Skip to main content

Scaling tips

PostgreSQL is not what you'd build a job queue on if you're the size of Facebook... But you're not the size of Facebook, right?

Postgres can get you pretty far, processing over 10,000 jobs per second in our benchmarks. That's almost a billion jobs per day. Using Postgres as your job queue via Graphile Worker can keep your infrastructure simple, enabling you to focus less on infrastructure and more on getting your product's features to market. But to maintain this performance, there's some things you must keep in mind.

Keep your jobs table small

Graphile Worker relies on the jobs table being small. v0.14.0 brought some improvements that made it deal better with larger jobs tables, but the fastest table to scan over is an empty one!

Graphile Worker automatically deletes jobs when they are complete to keep the jobs table small; however if a job perma-fails we leave it so that you can debug why it happened and handle the failure.


Jobs should not perma-fail. Your job execution code should have its own internal checks that recognize a repeated failure, and log it to the relevant place and successfully exit from the task, such that Graphile Worker deletes the job. You should not store long term failures into the jobs table.

You should clear up perma-failed jobs periodically - either figure out why they failed, fix your task executor, and then reduce the attempts number of the job so that it'll try again; or delete the jobs.


A query like the following might be suitable for deleting the perma-failed jobs, but be aware that _private_jobs is a private table, so we may change its implementation even in a patch release. If you run code like the following, it should be ran by a human after inspecting the perma-failed jobs and figuring out why they failed. The underlying cause should be rectified.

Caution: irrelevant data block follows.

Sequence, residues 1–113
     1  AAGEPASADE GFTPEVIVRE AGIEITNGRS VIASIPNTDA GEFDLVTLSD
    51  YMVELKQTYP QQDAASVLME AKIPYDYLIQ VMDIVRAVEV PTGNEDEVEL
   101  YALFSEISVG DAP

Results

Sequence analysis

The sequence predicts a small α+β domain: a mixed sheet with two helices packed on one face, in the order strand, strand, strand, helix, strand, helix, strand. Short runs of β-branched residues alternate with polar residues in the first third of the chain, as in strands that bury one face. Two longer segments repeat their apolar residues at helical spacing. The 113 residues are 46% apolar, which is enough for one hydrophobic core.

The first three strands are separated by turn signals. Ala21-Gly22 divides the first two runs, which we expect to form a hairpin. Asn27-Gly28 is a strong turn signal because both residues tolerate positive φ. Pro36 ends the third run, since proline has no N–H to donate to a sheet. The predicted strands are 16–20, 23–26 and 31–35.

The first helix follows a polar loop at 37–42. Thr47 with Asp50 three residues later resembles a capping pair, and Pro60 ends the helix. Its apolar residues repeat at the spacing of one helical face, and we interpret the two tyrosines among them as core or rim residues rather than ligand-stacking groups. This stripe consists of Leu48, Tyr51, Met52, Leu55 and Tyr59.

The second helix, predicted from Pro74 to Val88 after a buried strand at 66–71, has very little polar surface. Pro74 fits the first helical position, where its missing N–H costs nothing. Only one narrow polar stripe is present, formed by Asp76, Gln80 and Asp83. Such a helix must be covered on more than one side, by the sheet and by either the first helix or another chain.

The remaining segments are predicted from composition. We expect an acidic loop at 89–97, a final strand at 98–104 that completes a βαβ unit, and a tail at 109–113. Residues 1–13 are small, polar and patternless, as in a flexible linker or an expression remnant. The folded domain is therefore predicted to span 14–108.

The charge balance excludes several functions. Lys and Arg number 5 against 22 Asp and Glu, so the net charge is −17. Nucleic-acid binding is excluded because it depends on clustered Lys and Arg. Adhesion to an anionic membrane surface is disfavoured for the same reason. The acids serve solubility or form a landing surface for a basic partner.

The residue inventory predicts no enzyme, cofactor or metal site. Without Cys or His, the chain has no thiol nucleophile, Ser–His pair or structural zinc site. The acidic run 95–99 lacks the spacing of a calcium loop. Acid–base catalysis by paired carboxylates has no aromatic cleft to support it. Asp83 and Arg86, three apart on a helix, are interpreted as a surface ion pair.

delete from graphile_worker._private_jobs where attempts = max_attempts and locked_at is null;

Jobs scheduled to run in the future can also keep the number of jobs in the jobs table higher, impacting peak performance. Be thoughtful about these tasks, and consider batching if it becomes an issue.

Use the latest Graphile Worker release

We're constantly trying to improve the performance of worker; not just the peak performance in the best situations, but also the baseline performance when things are not at their best. v0.14.0 brought some major performance improvements when the job queue is full of future-scheduled or perma-failed jobs, for example.

Do the vacuuming

The jobs table has extremely high churn; find a quiet period and give it a nice VACUUM from time to time.

TODO: which VACUUM options should we recommend? Any other tables to VACUUM?

Don't just jump to another queue!

If you're thinking about moving to another worker (and, when you reach the scale to justify that, you should - generally start thinking about it when you're getting to 5k+ jobs per second), I have plans that I've not had time to implement w.r.t. batch exporting jobs to external queues. This may allow us to get 10x or even 100x the speed since Worker needs to do less - this would mean you don't need to rewrite the code that calls Worker, just the tasks themselves would be implemented in another queue. If/when this is of interest, get in touch!

Also if you are suffering some acute performance issue and you can replicate your load onto a staging server or similar I'd love to run some experiments to see if we can't squeeze more performance out of the system.

Three ants crawling atop the footer